The Ups and Downs of Toddler Relationships

Even the youngest kids forge bonds and share interests.

What Does Friendship Look Like?

Halle Sweeter is only 2 years old, but her mom is convinced that her daughter has already made a best friend. "She asks for Emily by name and runs up and gives her a hug and kiss whenever she sees her," says Janice Sweeter, of Phoenix. "And Halle will ask about her later. She'll say to me, 'When go see Emily?'"

Is Mrs. Sweeter kidding herself? Can Halle's connection to Emily actually be called a friendship? In a word, yes. But until recently, many experts believed that children ages 1 to 3 were incapable of developing friendships, that all they're really doing is what's commonly referred to as "parallel play." You can plop them down next to each other, but they're not truly making a social connection. They're just playing individually, side by side.

Play Dates Are Meaning More

However, research conducted in the past five years or so has changed the way experts view child-to-child interaction. Social time for young children, particularly kids between 1 and 2, is as much a laboratory for experimentation and learning as it is a fun time to push toys around the room with a friend. When your little one has a play date, he learns from what the other child does, observes how he does it, and takes note of how the other child's actions impact the environment in which they play.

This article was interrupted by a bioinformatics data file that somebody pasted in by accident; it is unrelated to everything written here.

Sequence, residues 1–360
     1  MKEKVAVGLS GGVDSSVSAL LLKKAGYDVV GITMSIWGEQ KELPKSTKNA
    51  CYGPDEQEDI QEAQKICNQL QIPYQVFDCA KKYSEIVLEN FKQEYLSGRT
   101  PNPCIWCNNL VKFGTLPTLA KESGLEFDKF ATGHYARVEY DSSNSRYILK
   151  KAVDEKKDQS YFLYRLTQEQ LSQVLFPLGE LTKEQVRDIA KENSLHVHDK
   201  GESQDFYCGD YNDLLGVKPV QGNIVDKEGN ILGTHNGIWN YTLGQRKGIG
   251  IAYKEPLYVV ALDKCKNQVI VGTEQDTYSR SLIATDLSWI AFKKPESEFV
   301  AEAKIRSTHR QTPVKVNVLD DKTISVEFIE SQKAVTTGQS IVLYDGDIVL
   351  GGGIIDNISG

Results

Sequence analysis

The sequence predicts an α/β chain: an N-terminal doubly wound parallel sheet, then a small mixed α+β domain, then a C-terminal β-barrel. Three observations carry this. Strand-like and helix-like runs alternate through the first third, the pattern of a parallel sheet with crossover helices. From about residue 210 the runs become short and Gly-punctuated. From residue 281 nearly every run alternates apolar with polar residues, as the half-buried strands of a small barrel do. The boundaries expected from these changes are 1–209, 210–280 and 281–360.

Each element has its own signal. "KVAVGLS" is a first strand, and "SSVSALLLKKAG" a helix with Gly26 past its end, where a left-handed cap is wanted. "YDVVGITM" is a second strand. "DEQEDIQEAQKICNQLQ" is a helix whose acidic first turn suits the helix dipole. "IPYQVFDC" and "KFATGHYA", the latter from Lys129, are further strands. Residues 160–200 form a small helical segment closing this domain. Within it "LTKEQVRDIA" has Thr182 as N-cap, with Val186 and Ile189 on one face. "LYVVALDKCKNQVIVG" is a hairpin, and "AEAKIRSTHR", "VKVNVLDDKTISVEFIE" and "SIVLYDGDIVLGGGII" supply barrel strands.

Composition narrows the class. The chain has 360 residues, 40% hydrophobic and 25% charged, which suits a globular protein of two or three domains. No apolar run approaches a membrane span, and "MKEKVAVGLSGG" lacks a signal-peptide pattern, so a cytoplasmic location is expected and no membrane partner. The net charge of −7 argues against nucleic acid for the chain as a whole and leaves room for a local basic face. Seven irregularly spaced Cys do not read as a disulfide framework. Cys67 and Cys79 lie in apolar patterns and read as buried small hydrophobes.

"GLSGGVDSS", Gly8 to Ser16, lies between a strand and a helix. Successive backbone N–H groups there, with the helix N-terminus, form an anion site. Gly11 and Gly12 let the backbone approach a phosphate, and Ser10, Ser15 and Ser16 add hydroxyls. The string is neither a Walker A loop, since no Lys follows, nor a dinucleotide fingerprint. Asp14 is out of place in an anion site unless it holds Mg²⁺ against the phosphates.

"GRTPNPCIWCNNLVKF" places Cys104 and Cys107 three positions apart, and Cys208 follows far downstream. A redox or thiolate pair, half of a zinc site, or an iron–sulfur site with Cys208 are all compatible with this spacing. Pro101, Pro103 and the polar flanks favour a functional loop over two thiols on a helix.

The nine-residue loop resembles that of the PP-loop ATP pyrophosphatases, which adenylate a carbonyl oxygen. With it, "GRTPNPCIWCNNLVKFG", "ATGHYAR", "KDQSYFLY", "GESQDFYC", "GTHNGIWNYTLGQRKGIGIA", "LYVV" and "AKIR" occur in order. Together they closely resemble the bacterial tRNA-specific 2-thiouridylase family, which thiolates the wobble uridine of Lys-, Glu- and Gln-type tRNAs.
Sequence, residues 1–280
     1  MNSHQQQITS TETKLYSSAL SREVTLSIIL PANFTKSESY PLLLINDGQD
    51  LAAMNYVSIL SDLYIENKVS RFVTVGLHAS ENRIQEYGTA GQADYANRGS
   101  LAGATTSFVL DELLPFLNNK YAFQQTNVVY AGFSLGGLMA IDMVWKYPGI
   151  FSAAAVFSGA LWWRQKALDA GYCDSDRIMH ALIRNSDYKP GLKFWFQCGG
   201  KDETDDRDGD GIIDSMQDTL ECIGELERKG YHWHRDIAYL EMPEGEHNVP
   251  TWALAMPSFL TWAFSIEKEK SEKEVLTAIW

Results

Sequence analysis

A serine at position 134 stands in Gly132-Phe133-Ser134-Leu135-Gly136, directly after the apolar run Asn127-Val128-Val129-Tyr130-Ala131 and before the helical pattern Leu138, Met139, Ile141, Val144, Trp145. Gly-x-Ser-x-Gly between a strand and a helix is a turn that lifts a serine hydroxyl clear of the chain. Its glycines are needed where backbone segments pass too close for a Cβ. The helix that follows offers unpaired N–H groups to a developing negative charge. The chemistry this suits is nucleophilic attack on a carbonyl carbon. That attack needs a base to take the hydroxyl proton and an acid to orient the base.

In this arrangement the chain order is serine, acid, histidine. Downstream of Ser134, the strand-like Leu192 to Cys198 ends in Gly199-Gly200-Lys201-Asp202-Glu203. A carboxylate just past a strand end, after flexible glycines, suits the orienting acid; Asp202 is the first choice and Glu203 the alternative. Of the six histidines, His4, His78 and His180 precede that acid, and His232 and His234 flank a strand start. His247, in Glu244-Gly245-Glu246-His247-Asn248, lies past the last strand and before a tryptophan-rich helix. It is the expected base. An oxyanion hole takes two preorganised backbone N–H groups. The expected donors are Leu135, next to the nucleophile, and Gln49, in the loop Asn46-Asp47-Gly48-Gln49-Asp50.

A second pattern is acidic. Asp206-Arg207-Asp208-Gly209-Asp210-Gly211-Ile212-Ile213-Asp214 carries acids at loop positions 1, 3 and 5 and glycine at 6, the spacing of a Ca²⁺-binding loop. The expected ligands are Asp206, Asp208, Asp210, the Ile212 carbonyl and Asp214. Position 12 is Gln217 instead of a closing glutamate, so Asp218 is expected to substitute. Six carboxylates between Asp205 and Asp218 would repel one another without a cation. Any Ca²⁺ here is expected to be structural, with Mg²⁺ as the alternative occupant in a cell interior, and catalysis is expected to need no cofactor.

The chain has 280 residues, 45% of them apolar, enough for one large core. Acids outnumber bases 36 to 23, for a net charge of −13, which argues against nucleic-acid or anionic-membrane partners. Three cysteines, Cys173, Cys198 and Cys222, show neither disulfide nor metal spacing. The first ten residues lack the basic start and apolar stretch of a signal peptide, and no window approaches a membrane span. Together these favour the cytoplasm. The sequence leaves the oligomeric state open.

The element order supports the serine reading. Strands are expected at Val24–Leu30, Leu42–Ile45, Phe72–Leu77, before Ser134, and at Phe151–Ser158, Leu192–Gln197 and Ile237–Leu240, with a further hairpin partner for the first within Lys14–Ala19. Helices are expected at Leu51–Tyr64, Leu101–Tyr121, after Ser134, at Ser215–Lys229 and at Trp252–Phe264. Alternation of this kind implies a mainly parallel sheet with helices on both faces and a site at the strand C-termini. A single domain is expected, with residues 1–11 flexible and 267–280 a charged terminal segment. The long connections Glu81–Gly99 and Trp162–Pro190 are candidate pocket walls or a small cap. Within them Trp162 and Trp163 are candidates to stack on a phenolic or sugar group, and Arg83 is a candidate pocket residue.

The bottom line: They don't express friendship in the same way an older child or an adult would, but they are forging a bond. "If you closely observe a couple of toddlers at play, you'll notice that while they may not roll a ball to each other or share toys, they watch one another carefully and mimic the other's actions," says Jana Murphy, author of The Secret Life of Toddlers (Perigee, 2004). They also reach for the same kinds of toys; in the best of all worlds, they express delight when they see one another.

Eighteen-month-old Ray Feinleib and 16-month-old Sasha Kleinman, both of Brooklyn, New York, shriek happily and say each other's names when they have play dates together. "They'll also bang on the coffee table together, for instance, or one will follow the other around," says Ray's mom, Rhonda. In a very fundamental way, young toddlers are drawn to other kids who like the same things that they do, even if it's something as simple as banging on a table, "and that's the root of building a friendship," says Sally Goldberg, PhD, author of Constructive Parenting (Allyn & Bacon, 2001) and the director of "It's the start of something that may become a more recognizable friendship in months and years to come."

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